manifoldness


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man·i·fold

 (măn′ə-fōld′)
adj.
1. Many and varied; of many kinds; multiple: our manifold failings.
2. Having many features or forms: manifold intelligence.
3. Being such for a variety of reasons: a manifold traitor.
4. Consisting of or operating several devices of one kind at the same time.
n.
1. A whole composed of diverse elements.
2. One of several copies.
3. A pipe or chamber having multiple apertures for making connections.
4. Mathematics A topological space in which each point has a neighborhood that is equivalent to a neighborhood in Euclidean space. The surface of a sphere is a two-dimensional manifold because the neighborhood of each point is equivalent to a part of the plane.
tr.v. man·i·fold·ed, man·i·fold·ing, man·i·folds
1. To make several copies of, as with carbon paper.
2. To make manifold; multiply.

[Middle English, from Old English manigfeald : manig, many; see many + -feald, -fald, -fold.]

man′i·fold′ly adv.
man′i·fold′ness n.
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References in periodicals archive ?
Commensurate with this truth is an inner truthfulness that has its own depths and manifoldness. It does not merely consist of concocted rational reflections.
Driesch defined entelechy as an intensive manifoldness. An organism, on the other hand, could be considered as an extensive manifoldness.
In this sense, this volume might serve to celebrate all ambiguities expressing and representing the manifoldness of creation.
Riemann begins with the one idea of a manifoldness of n dimensions and {analytically} deduces the several possible systems of space science.
A few things to learn about form, she continued, include 'how to assemble and juxtapose diverse things, how to attract curiosity toward manifoldness of life.'
incapacity to respond to the depth and the qualitative manifoldness of the cosmos." (52) This category includes the person who attends only to external necessities or the economic usefulness of things or the person who simply repeats a few primitive motifs in a monotonous rhythm.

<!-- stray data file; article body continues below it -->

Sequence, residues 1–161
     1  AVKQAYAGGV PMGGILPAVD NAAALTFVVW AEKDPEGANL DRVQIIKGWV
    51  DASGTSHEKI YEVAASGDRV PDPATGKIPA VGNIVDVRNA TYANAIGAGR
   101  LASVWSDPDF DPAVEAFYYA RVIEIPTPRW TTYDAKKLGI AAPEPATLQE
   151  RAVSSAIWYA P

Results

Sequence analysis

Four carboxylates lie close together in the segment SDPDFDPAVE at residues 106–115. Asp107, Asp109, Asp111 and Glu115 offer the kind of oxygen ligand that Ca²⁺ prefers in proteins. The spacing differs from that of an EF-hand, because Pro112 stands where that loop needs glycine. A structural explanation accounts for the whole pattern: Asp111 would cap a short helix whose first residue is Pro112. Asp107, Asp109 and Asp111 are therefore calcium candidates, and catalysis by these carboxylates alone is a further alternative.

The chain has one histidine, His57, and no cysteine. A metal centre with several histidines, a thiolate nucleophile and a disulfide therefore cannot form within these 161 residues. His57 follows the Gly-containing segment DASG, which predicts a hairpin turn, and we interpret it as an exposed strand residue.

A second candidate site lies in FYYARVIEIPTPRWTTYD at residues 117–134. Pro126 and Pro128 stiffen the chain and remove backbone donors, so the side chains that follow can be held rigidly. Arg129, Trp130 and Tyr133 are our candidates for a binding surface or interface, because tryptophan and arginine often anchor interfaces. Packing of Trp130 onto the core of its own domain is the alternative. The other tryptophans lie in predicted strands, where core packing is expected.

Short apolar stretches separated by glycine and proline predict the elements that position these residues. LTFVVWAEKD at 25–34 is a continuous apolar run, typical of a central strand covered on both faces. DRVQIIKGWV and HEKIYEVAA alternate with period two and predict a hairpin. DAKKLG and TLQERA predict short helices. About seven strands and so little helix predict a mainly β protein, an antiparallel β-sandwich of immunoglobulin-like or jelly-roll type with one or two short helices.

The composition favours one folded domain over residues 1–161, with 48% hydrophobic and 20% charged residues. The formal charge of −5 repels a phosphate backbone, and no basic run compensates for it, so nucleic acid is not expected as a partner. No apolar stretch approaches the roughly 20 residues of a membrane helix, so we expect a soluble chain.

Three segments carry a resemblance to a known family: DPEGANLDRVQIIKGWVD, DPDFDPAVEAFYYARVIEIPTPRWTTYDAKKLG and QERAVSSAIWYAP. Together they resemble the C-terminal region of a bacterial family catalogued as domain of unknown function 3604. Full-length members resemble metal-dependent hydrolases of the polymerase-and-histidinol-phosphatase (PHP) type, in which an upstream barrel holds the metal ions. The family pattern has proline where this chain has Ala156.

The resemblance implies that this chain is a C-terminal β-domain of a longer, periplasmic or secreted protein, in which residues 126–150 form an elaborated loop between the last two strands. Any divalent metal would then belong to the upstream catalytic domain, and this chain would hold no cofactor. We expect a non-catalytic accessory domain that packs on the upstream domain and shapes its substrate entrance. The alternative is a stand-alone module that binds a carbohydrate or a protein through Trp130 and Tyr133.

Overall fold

7) All things are "ineffably different" (the thesis of "uniqueness"), but they at the same time are "ineffably alike," which means that they assume besides "uniqueness" a "universal self." The latter thesis is the idea of "unity" in "infinite manifoldness" (Babbitt 1919: 47, 49), which has affinities with the romantic idea of "finite infinity."
However, what Gadamer appears to be arguing here, against this position, is that understanding the moral good as universal or "one" is perfectly compatible with it participating in the manifoldness of concrete reality.
We encounter a "complicated conversation" at work within the interrelated and overlapping lines of Pollack's violent and tumultuous "poured paintings," where there is a sense of harmony and order in manifoldness and diversity.
Furthermore, that double- or manifoldness is a better way of representing reality than the single thread of traditional science fictional narrative--or conventional realism, for that matter.
Rather, the resulting manifoldness and ambiguity demand an effort of reflection.
In 192.5, anticipating the role of a book like The Island Within, the Harvard Jewish scholar Harry Wolfson wrote Henry Hurwitz about the many readers who were bored with "Jewish history, repelled by learned as well as by priestly Judaism--but who do respect and enjoy 'literature.' Why can't we--I mean you--make the Jewish tale in all its manifoldness absorbing--like a novel?" (48) For many readers, Lewisohn answered the call.